Why Al Jazeera English needs to think again about digital news

The Guardian has published an interesting interview with Al Anstey, Managing Director of Al Jazeera English.

It’s a wide-ranging piece, covering everything from the disgusting behaviour of the Egyptian government in arresting Al Jazeera journalists on trumped up terrorism charges through to the network’s expansion plans.

I’ve worked with Al at ITN and Al Jazeera. There’s no question in my mind that he’s one of the sharpest people in TV news. Highly intelligent and thoughtful about the role of international TV news, he’s robust in defending Al Jazeera’s reporting and has a comprehensive vision for its development.

Which is why I found this quote so disappointing:

“We already have the highest quality content gathered by a fantastically diverse team around the world. If you break up the constituent parts that go into a two-minute television package, what you have that hits the cutting room floor is gold dust,” he says. That “gold dust” – longer interviews, more informal chats with the correspondent, explainers – can be “tailored to different platforms and provide a much richer resource depending on which platform you are looking at”, adds Anstey. “It’s about changing the mindset.”

The idea of digital news as DVD box-set extras is very old-fashioned. It’s the same kind of thinking that saw TV companies early attempts at digital include behind the scenes video-diaries or cross-promoted longer versions of broadcast interviews.

The reason it’s so disappointing is that it starts from the wrong premise. Rather than looking at what the audience wants and needs from a news service, it starts from the point of view of “we have this unused stuff, let’s shove that up online”. It’s the antithesis of providing a user-focused news service.

Put crudely, journalists have made editorial decisions about cutting material to emphasise the key lines – if they thought there was value in using the stuff on the cutting room floor, they’d have already used it. Why would anyone think that time poor digital users want to sit through the extended cut?

But change is needed.

Al Jazeera English’s website needs over-hauling. The navigation is based on inheritance from the TV channel’s structure and its reporting looks divergent from the core news operation. It also needs to continue to break new ground using digital media to report from around the world and to engage with an increasingly digitally literate global audience.

I’d also like to see put more focus on its eye-witness reporting, rather than the less interesting opinion pieces which, for me, sit oddly with the channel’s desire to provide impartial coverage of complex situations.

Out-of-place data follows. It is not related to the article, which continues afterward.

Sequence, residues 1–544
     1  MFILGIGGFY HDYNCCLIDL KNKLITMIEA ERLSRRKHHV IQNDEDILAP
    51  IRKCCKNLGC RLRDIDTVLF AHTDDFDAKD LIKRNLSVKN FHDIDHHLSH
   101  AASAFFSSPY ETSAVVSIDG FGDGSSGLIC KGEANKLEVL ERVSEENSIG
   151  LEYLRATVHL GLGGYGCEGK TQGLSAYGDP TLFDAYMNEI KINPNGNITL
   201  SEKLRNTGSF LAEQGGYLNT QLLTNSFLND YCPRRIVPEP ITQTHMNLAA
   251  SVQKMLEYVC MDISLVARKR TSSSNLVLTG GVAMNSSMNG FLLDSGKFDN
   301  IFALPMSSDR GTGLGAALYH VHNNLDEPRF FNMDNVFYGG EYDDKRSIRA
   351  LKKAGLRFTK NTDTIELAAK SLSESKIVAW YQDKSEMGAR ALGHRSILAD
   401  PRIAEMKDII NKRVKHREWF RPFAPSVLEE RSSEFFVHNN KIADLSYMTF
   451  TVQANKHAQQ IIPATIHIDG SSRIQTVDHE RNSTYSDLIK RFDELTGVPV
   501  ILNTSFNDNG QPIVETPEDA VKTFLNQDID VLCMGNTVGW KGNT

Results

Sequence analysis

I applaud Al’s desire to bring greater convergence between the digital and broadcast sides of his operation, but I hope he will bring change that will see more digital innovation based on satisfying audience needs rather than on making more of costly newsgathering at the expense of user experience.

And just as I was thinking about this blog, I spotted this piece from Buzzfeed on innovative short-form video. It may work, it may not – but it seems to me to be a sophisticated attempt to engage with a tough to reach audience.

ITV’s special pleading to parliament

Interesting story on The Guardian about ITV calling for top slicing of the licence fee.

ITV wants a fund set up, allowing broadcasters to bid for funds to support their news operations.

It’s an interesting argument – the actual submission to parliament is very interesting.

ITV points out it spends £100 million a year on news. Sounds like a lot, but it’s trifling compared to the BBC.

As anyone who’s looked into this knows, there’s very little publicly available information about how much the BBC spends on news. The £45 million figure is often quoted – but that’s merely the operational costs of the BBC News Channel. You also need to add in newsgathering, BBC World, and Nations and Regions plus the costs of the bulletins, Newsnight and BBC Breakfast. And that’s just TV – what about radio new, 5 Live and the World Service?

The actual figure for news could easily be ten times what’s spent on the news channel.

But the really stand out stat for me was the BARB quote:

each adult watched an average of around 114 hours of national or international news on television in 2012, of which around 80% was on the BBC. The next closest is ITV with 13% share of viewing, with Sky News in third place with 6%.

 

That is a disaster for ITV.

Forget the comparison with the BBC for a moment, ITV is only recording twice as much news viewing as Sky News.  Sky News is a brilliant product – but it doesn’t deliver mass audiences and the viewership is notoriously fickle. It may well be that there’s more to that stat than meets the eye, and I’m going to have a look into it. But on first reading, it’s hard to under-estimate how badly it suggests ITV has mismanaged its news brand.

Perhaps it shouldn’t have canned the ITV News Channel.

Who will replace Adam Boulton as Sky News’s Political Editor?

I admit it. The headline’s a come on. I’ve no inside scoop – although I do have some thoughts on who it should be.

Whoever it is will have big shoes to fill. Boulton has been a big part of the success of Sky News. For 25 years he’s provided the latest analysis on the political story of the day. Unflappably for the most part, although some have rather uncharitably focused on his on-screen arguments.